Is there a Correlation between Retiring Early and Life Span?


Various forms of research that have been performed over the past few years have indicated that it isn’t actual retirement itself that can result in you living longer; it’s what you do during those golden years that makes the difference.


Study Finds

Information posted in the Health Economics journal from a 2017 study involving three Dutch economists, Stefan Hochguertel, Hans Bloemen and Jochem Zweerink, revealed what happened when a few Dutch civil servants were able to temporarily qualify for early retirement.

Only civil servants who were at least 55 years old and who had 10 years or more of continuous service with public sector contributions qualified. Men who responded to the offer of early retirement were 2.6% less likely to die over the following five years than those who continued working. Too few women met the criteria to take part in the study.

Further study conducted in the U.S. revealed that seven years of retirement can be as beneficial to health as reducing the chance of contracting a serious disease by as much as 20%. Other studies done in England, Germany and Israel have also revealed several positive health effects associated with early retirement.


Retirees Less Likely to be Depressed

Employment not only provides income and in many cases, health insurance; it can also provide employees with a sense of well-being and camaraderie. More evidence than ever before is mounting with regards to the fact that social isolation and loneliness are linked to cognitive decline and even premature death. Forms of employment that involves physical tasks help prevent employees from becoming obese or unhealthy as well.

However, many people find their jobs to be extremely stressful because it not only takes time away from families or recreational activities; this stress can also result in bad habits such as excessive alcohol consumption. In fact, the Dutch study noted that 50% of mortality reduction associated with retirement could be attributed to heart- and digestive-related disorders.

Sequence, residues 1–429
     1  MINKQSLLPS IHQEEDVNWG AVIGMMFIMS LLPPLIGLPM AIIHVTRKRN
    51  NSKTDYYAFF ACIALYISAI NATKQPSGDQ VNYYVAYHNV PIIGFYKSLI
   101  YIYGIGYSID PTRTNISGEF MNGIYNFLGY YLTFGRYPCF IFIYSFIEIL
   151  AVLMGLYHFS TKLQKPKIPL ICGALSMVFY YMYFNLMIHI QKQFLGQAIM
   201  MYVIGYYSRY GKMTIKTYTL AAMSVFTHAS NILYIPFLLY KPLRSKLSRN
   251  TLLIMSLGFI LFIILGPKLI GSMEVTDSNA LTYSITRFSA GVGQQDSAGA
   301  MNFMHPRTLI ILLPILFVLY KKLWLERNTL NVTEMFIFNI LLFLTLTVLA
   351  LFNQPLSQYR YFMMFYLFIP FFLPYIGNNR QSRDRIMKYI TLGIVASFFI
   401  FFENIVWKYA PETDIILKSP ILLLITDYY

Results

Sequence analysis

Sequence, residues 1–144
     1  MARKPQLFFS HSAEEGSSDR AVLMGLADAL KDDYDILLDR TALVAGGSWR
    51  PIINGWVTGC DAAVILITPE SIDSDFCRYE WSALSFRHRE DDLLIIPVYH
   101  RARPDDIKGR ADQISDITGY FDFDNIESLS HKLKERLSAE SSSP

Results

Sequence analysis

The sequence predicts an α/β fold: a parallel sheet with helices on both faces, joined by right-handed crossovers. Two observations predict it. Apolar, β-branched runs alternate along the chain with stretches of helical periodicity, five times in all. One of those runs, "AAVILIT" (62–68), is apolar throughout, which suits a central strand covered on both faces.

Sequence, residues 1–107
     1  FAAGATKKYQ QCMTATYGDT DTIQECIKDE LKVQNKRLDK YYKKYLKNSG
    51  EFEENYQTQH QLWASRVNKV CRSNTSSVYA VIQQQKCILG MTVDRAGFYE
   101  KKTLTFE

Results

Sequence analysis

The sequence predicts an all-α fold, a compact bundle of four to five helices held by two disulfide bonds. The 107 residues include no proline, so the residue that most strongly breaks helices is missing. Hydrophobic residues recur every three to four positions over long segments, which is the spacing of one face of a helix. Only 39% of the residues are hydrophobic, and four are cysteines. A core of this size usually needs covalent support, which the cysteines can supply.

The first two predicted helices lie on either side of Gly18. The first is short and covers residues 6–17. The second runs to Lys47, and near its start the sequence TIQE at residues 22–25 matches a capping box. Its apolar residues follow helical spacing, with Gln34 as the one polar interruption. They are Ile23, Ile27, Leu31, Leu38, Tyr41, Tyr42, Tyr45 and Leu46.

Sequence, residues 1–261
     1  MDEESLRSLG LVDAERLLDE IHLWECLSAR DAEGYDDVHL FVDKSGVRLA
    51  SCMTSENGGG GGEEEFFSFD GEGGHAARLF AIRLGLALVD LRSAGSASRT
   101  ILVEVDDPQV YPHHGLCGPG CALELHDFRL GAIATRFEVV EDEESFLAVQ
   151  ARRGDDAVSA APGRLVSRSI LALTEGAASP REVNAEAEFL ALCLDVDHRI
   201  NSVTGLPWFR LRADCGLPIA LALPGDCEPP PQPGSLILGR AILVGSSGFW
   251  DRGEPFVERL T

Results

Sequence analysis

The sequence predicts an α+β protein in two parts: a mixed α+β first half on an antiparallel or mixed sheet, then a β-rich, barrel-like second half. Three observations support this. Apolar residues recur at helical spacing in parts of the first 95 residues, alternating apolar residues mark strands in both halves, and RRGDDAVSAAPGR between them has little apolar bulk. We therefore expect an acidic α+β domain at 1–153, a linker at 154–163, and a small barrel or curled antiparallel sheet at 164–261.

Adopt Good Habits

To get the most out of retirement, you will need to be willing to adopt healthy habits, with the most important one being keeping as physically and cognitively active as possible.

A lack of time is cited as the main reason why most employed adults don’t exercise. However, retirees usually have more time available to them, meaning that they will be more likely to get enough sleep and exercise by means of doing gardening or DIY tasks than working adults.

The age to obtain full Social Security benefits has gradually increased from 65 to 67 years, and adults who have been working after the age of 65 have been noted to be in worse health than those who retired earlier.

According to a survey conducted by the Board of Governors of the Federal Reserve System, several Americans cannot afford to retire. More than 20% of Americans over 40 don’t have any retirement savings, meaning they won’t be able to maintain living standards after retirement. If you would like to prevent this scenario happening to you during your golden years, contact our investment team today.